by Staff Writers
Paris, France (ESA) Feb 14, 2011
Paolo Nespoli, ESA's astronaut working and living on the Space Station, is sharing his experience with the world via a constant flow of beautiful photos and tweets. Let's hear from Paolo what he thinks about the photos, Twitter and being in space.
Paolo has been in space now for almost two months on his MagISStra mission, with a hectic schedule of working on experiments, doing International Space Station (ISS) housekeeping and maintenance, supporting the docking of two cargo craft and conducting robotic work, as well as daily training. But he has still found time to tweet from space.
In just two months his Twitter account (@astro_paolo) has gained almost 20 000 followers and his pictures on Flickr have had almost two million views.
His followers have nominated him for a Shorty award (the Twitter 'Oscars') and he is now shortlisted in the Science category.
"I wish that everybody could have a possibility of being up here and looking down to Earth, but as this is not possible so far I'm happy to provide these views and feelings to people."
Looking down from Cupola
Cupola, with its seven big windows, is a unique place in the Space Station. From there, astronauts can see almost 180 degrees to the Earth-facing side of the ISS.
"Flying in space and locating the objects around is not easy. The main reason for Cupola is doing robotics, moving cargo with the Station's robotic arms, and in this Cupola really enhances our capability of being very efficient in space."
But Cupola has also turned an orbiting laboratory into a home. "When I have free time, even only 5 minutes, I just hover in Cupola looking down," explains Paolo.
"It is amazing, because I find constantly something new. As the Station is moving very fast, the view is changing all the time and the lighting conditions, season, position of the Sun and the whole situation is never the same."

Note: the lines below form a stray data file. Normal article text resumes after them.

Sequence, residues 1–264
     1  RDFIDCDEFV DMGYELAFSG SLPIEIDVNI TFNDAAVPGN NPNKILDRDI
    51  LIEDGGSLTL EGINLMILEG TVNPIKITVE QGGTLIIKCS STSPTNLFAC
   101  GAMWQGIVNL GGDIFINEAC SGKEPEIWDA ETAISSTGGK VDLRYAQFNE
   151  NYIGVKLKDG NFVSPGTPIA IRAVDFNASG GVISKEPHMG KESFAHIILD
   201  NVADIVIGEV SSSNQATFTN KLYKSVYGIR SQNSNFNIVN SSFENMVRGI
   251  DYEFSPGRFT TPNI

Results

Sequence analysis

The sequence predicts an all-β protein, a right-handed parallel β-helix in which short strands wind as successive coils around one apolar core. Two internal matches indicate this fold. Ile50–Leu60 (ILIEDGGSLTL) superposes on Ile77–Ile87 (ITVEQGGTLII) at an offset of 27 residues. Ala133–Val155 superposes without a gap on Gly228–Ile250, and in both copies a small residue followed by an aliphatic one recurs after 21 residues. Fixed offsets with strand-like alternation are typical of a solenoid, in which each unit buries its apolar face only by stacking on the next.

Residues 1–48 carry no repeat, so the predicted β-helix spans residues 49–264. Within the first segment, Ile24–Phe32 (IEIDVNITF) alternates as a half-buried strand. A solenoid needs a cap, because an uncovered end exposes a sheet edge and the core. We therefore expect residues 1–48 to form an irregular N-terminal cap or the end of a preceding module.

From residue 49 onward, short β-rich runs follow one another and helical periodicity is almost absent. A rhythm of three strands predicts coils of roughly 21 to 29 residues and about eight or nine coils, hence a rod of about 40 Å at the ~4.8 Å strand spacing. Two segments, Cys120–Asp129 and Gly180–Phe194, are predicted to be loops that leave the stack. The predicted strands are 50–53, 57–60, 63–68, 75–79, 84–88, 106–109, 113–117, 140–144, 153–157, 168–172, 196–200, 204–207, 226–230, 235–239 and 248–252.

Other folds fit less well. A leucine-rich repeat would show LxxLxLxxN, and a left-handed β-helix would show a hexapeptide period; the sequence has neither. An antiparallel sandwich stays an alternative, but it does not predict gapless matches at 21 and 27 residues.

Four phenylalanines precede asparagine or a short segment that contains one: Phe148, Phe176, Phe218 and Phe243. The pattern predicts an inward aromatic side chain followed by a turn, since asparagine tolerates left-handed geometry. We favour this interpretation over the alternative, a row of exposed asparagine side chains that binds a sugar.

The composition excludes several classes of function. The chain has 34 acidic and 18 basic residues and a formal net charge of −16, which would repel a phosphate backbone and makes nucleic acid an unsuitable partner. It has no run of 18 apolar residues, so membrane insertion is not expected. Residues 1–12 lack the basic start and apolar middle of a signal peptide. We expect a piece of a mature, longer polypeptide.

Paolo describes his feelings: "I have managed to get most of the targets I wanted to photograph, like the pyramids of Egypt or the Great Wall of China, but there are still a few things I would like to catch. Like the Nazca Lines in Peru. I really would like to see those!" Sometimes Paolo has a certain target in his mind, but often Paolo just snaps a photo when something interesting appears below.
The Artist and his model
"Earth is a beautiful subject and one of the most magnificent models that a photographer can have," says Paolo, but confesses: "It is also an easy target if you are up here and you have a good camera with a few lenses."
"But it is also a challenging model, because we are flying so fast, the view changes continuously, the situations are practically never the same, the angle of the Sun varies, the clouds are moving, and so on.
What kind of model is our home planet for Paolo?
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Station and More at Roscosmos
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Space Station News at Space-Travel.Com
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